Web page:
The Lord mentioned persecution already, even before the apostles had been sent on their mission. The Gospel anticipated what would happen. So he forewarns them for their benefit, that even the assault of things grievous to bear will bring its reward and advantage to them. They shall scold you, he says, as deceivers do, and try to mislead you. They shall separate you from them, even from their friendship and society. Let none of these things trouble you, he says. What harm will their intemperate tongue do a wellestablished mind? The patient suffering of these things will not be without fruit, he says, to those who know how to endure piously. It is the pledge of the highest happiness. Besides, he points out for their benefit, nothing strange will happen to them, even when suffering these things. On the contrary, they will resemble those who before their time were the bearers to the Israelites of the words that came from God above. These prophets were persecuted. They were sawn in two. Th...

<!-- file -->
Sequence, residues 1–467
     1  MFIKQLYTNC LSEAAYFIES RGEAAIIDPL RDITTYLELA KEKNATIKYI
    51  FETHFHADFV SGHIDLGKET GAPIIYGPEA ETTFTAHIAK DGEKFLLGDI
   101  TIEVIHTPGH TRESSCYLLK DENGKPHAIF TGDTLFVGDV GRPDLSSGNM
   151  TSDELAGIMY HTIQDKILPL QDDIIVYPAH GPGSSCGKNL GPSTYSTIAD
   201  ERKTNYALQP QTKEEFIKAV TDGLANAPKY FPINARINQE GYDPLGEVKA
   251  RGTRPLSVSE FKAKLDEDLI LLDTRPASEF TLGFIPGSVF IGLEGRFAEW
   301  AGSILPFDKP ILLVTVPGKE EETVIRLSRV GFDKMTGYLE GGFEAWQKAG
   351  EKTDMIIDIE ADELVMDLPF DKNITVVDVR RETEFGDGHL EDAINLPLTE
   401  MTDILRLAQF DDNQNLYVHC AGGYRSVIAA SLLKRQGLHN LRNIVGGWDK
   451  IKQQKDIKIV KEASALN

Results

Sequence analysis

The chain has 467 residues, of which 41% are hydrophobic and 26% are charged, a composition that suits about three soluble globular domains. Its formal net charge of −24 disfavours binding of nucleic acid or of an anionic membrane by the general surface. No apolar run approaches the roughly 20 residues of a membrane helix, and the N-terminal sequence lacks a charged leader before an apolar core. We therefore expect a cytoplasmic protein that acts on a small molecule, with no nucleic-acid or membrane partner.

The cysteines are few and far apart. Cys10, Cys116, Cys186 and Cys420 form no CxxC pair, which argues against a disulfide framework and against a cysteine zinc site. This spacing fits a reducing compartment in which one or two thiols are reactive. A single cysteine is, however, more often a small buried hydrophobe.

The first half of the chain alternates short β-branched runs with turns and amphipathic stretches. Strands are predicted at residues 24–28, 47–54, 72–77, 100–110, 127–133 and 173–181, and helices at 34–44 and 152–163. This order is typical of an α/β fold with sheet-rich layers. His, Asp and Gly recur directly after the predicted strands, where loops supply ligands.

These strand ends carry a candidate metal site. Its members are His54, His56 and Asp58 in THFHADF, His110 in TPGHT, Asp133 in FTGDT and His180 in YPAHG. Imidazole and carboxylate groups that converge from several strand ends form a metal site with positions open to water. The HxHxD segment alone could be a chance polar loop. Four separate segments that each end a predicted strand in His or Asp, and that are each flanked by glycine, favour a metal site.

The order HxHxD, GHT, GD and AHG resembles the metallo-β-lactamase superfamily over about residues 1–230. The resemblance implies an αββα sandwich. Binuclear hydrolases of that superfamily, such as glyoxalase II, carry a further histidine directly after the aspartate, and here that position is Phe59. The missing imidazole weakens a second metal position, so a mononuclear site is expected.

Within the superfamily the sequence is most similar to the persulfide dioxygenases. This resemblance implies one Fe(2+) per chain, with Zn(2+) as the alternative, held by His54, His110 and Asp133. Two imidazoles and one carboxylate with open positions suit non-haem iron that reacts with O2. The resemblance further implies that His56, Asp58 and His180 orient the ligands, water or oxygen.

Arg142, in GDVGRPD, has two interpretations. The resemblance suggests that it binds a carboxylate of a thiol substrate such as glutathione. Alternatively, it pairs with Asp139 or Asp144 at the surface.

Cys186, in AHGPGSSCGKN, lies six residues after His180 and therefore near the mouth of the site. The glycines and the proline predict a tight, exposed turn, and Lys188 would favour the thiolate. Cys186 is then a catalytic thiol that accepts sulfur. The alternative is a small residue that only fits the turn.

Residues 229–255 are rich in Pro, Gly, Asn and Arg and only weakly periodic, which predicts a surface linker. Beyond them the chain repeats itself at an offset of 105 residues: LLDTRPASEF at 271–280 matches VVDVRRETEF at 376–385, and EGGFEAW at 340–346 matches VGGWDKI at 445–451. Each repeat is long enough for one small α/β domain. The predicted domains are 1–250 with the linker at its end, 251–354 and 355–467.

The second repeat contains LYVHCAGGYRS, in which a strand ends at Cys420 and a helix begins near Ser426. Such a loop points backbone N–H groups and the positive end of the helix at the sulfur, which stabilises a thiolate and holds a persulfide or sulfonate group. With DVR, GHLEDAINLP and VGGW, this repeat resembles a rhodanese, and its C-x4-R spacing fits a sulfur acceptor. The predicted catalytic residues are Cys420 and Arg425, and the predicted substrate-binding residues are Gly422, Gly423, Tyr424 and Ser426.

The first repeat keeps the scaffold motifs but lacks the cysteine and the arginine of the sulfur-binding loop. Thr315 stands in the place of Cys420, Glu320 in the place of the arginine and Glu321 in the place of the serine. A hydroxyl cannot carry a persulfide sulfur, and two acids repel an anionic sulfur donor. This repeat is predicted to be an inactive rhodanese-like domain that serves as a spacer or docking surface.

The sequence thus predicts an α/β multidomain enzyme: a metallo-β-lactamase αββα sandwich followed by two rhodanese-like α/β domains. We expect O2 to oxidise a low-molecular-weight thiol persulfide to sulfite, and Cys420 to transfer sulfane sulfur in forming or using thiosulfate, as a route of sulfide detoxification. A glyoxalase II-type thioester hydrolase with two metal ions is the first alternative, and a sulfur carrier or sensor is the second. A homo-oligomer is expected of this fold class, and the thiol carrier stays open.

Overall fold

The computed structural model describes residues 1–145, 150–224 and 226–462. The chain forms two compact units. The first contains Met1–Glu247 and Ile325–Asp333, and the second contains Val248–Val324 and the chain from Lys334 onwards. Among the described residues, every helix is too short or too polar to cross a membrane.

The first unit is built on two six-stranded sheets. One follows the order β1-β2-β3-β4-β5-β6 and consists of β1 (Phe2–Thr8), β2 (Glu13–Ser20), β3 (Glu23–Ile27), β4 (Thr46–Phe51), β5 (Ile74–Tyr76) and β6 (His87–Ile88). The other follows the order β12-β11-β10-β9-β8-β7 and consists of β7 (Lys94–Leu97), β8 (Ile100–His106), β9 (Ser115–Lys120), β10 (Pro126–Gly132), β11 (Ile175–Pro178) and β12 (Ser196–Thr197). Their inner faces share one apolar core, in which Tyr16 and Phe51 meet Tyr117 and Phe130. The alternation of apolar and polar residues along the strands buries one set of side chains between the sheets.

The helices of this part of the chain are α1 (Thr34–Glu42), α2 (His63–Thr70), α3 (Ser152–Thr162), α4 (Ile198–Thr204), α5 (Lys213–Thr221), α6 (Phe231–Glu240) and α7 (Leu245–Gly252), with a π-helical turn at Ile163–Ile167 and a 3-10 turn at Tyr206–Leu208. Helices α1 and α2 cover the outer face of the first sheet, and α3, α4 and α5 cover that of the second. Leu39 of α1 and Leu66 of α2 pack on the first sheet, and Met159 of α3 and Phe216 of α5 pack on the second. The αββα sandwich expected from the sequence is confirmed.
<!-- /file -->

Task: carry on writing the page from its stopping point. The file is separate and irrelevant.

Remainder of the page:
In the Gospel according to St. Matthew it is said, Blessed are the poor in spirit, that we should understand the poor in spirit to be one of a modest and somewhat depressed mind. Hence our Savior says, Learn from me, for I am meek and lowly of heart. But Luke says, Blessed are the poor, without the addition of spirit, calling those poor who despise riches. Forit became those who were to preach the doctrines of the saving Gospel to have no covetousness, but their affections set upon higher things.
After having commanded them to embrace poverty, He then crowns with honor those things which follow from poverty. It is the lot of those who embrace poverty to be in want of the necessaries of life, and scarcely to be able to get food. He does not then permit His disciples to be fainthearted on this account, but says, Blessed are you who hunger now.